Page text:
San Diego Couple Acquitted in Medical Marijuana Case

A Ramona couple whose home was raided by federal agents with guns drawn were acquitted on marijuana charges in court

By Vanessa Herrera and R. Stickney
|  Wednesday, Mar 19, 2014  |  Updated 10:55 AM PDT
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NBC 7's Vanessa Herrera talks with the Ramona couple who were charged then acquitted on charges of growing medicinal marijuana on their property.

NBC 7's Vanessa Herrera talks with the Ramona couple who were charged then acquitted on charges of growing medicinal marijuana on their property.

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Ramona Couple Faces Pot Charges

Dennis and Deborah Little were arrested and charged with illegally growing marijuana on their Ramona property. Prosecutors say there is enough evidence to show the couple was breaking the law.
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Dennis and Deborah Little say law enforcement has made them feel like criminals for the last two years even though the Ramona couple knew they were not guilty.

“We followed the letters of the law as we knew it," Dennis Little told NBC 7 in an exclusive interview Tuesday following the ruling that acquitted him and his wife in a challenging legal battle they’ve face since their arrest in October 2012.

Dennis and Deborah Little suffer from serious health ailments like HIV/AIDS and cancer.

In 2011, they began growing marijuana after being issued medical marijuana cards.

Two years ago, their property east of San Diego was raided by federal and state narcotics agents – with guns drawn.

Prosecutors say agents seized hundreds of pounds of useable marijuana. The Little’s disputed that claim saying they had 25 plants. They also denied allegations that they had planned to sell the drug.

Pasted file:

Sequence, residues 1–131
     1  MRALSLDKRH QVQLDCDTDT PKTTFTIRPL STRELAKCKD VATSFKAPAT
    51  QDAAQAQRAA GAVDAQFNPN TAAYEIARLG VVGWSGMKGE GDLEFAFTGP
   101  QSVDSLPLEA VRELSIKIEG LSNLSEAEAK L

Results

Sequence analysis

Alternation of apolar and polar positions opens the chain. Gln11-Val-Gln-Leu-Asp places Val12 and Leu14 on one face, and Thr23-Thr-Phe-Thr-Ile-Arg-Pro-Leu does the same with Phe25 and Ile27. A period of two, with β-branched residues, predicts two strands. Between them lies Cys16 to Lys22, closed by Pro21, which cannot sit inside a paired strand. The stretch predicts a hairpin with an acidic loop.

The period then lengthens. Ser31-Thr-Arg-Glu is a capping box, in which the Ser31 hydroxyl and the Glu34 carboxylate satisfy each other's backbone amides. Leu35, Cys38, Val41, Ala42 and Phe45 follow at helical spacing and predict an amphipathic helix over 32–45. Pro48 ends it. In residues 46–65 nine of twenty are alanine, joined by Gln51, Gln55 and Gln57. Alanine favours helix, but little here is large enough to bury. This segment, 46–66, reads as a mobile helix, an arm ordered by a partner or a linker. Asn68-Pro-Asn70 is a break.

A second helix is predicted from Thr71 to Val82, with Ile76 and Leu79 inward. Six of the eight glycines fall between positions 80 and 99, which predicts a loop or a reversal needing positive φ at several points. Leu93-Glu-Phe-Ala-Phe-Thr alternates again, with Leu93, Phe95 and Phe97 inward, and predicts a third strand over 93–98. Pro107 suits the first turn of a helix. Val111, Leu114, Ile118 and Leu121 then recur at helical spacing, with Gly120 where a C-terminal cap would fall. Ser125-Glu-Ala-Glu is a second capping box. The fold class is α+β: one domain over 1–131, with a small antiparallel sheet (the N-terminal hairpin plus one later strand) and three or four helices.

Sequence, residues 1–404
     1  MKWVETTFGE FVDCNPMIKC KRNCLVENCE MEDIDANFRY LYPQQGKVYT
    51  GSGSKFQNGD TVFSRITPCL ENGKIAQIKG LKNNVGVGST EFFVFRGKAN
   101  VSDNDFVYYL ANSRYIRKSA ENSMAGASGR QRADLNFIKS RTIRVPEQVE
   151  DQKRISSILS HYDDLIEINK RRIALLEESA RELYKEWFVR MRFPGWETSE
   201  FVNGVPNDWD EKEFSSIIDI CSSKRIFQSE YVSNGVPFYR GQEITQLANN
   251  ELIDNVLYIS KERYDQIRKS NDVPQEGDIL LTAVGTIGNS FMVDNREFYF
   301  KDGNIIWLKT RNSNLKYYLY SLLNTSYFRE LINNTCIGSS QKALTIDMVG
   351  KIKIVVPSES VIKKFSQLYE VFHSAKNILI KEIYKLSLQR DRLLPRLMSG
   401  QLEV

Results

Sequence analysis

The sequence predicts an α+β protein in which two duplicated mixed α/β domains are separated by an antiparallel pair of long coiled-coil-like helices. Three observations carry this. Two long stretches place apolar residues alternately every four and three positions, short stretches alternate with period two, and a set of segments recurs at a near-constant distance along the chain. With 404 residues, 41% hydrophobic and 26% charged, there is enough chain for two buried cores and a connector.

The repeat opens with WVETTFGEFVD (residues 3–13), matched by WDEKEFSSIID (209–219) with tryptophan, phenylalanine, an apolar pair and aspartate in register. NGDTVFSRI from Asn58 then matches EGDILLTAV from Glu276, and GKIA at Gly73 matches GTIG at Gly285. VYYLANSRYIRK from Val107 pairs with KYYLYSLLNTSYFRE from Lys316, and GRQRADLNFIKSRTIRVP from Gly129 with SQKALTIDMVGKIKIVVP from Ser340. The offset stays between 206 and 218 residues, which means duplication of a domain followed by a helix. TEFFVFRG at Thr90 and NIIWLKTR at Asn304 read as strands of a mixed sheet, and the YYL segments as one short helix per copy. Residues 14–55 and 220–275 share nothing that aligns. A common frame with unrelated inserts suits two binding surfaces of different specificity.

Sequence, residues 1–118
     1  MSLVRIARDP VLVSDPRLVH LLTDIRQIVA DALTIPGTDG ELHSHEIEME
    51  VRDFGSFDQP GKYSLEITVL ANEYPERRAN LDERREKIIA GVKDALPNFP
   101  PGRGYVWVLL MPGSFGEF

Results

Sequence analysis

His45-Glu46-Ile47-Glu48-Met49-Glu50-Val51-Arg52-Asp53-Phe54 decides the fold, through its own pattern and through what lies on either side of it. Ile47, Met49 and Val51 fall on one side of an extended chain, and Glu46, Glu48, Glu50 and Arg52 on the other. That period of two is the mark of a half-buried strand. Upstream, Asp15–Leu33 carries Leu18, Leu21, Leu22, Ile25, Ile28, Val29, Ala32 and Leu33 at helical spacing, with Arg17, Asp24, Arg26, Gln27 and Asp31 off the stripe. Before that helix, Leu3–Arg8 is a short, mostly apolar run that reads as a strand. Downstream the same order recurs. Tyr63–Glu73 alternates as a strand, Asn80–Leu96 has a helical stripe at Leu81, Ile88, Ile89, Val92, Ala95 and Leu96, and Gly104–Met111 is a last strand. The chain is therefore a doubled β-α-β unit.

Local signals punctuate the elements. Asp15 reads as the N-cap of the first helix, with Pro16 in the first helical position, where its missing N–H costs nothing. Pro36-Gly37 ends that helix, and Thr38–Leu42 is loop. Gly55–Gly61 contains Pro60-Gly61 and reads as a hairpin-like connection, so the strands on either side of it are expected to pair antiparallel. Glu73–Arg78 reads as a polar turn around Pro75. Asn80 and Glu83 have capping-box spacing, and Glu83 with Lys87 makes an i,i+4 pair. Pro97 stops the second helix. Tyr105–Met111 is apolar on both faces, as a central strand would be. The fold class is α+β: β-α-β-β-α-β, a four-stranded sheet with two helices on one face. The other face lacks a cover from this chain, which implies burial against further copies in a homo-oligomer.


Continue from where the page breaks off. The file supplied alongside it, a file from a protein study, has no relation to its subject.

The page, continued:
"It's been rough. It's been really rough,” Deborah Littie said. “I mean, you're going in and you believe that the police are supposed to be honest and that the courts are supposed to be honest and then you're hit upside the head with, nobody is telling the truth here."

Jurors sided with the couple and acquitted the Little’s of charges of possession of marijuana for sale and of cultivation of marijuana.

Deborah and Dennis say they're glad the nightmare is finally over, but their lives have taken a beating because of it, including a laundry list of prescription medication.

"They just keep piling them on and on and on. So I have to get myself weaned off of, I mean, I'm taking some pretty heavy duty anxiety, pain, besides I haven't been able to follow up on getting the care that I'm supposed to be getting," Deborah said.

"Our lives are back on track now. I feel a huge burden off my shoulders," Dennis said.

Dennis and Deborah say they have little faith in law enforcement but they've taken the positive out of the situation and are now court supporters for others in similar situations.

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